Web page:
A new study took a rigorous look at how the mindfulness meditation practice affects people’s physiology when they are under pressure. Scientists found that mindfulness meditation practice lowers biomarkers of stress response in anxiety disorder.
Mindfulness worked better in a trial of 89 people than conventional stress-busting tactics, which include time management, eating better and exercising more.
“Mindfulness meditation training is a relatively inexpensive and low-stigma treatment approach, and these findings strengthen the case that it can improve resilience to stress,” said lead author Elizabeth A. Hoge, MD, associate professor in Georgetown University Medical Center’s Department of Psychiatry.
One previous study showed that mindfulness meditation training may cut the risk of relapsing into depression.
Dr Elizabeth Hoge, said: “This is not just a fad, it has been around for thousands of years in Buddhist countries, and we have found it helps people in a very practical sense.”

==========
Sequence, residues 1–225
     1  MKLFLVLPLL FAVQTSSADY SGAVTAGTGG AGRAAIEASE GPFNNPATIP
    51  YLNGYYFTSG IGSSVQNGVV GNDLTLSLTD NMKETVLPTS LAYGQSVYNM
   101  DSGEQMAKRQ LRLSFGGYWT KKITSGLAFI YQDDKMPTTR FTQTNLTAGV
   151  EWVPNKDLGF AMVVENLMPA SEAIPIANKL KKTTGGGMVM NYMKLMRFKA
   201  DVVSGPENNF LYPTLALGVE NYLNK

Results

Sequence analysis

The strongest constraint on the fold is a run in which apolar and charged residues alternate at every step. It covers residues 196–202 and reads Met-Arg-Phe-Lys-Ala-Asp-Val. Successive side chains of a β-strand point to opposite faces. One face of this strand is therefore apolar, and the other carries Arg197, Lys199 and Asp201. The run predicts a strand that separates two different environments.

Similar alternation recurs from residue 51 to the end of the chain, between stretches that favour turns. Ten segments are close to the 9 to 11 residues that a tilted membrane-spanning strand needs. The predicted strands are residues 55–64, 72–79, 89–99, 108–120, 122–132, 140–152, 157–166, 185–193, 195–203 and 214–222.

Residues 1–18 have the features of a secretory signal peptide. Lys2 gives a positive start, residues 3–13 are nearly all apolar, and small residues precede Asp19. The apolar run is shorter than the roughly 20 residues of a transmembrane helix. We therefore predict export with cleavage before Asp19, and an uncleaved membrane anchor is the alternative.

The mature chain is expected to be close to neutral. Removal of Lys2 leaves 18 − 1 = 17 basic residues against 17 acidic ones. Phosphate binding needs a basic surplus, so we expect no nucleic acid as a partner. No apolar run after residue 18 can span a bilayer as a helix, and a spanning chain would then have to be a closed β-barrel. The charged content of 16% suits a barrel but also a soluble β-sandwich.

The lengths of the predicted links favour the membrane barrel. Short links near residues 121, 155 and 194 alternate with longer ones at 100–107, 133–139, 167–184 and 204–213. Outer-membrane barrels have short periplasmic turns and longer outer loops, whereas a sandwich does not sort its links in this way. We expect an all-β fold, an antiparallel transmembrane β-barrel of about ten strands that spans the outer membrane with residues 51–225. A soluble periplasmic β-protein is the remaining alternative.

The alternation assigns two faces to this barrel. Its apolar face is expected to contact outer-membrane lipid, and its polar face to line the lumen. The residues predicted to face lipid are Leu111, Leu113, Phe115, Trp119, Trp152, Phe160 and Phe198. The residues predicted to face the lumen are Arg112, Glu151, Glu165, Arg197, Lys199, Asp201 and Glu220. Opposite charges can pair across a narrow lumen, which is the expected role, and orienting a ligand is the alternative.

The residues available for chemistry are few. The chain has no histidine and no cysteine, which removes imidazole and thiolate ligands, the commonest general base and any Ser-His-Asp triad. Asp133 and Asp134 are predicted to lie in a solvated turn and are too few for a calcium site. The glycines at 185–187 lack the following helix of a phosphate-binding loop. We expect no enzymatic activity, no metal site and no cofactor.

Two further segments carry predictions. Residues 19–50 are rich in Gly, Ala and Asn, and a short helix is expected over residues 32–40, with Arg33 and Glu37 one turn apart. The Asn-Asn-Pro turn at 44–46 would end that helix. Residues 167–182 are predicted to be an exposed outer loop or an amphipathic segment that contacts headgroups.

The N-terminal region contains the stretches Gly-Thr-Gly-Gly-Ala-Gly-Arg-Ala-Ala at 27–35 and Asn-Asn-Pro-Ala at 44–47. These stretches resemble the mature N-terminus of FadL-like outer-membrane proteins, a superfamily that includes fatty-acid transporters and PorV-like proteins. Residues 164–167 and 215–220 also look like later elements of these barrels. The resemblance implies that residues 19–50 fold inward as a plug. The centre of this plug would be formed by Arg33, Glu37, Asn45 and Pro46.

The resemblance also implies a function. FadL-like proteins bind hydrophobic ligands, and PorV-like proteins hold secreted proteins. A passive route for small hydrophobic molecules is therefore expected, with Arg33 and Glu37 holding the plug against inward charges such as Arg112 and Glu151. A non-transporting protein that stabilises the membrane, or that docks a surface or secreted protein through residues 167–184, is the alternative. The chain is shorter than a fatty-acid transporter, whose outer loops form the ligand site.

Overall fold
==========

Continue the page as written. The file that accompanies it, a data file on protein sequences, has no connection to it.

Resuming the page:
‘We think it works because it helps people create a little bit of distance between their thoughts and themselves, seeing that their worries will pass.’
The research included 89 patients with generalized anxiety disorder, a condition of chronic and excessive worrying. They were randomly divided, with half taking an eight-week mindfulness course.
Before and after the courses, blood samples were collected and participants underwent a laboratory test designed to make people feel stressed. After the course, participants in the meditation group showed reductions in their levels of stress hormone adrenocorticotropic hormone (ACTH), IL-6 and TNF-alpha (biological markers of inflammation) during the stress test, compared with their levels before they took the course.
The findings avoided having a placebo effect, as both groups of people were given stress management courses and did not know which were of interest to the authors. They were also measured for stress before the interventions.
The findings suggest that mindfulness meditation “may be a helpful strategy to decrease biological stress reactivity” in people with anxiety disorder, the researchers wrote in article.
The study was published in the journal Psychiatry Research.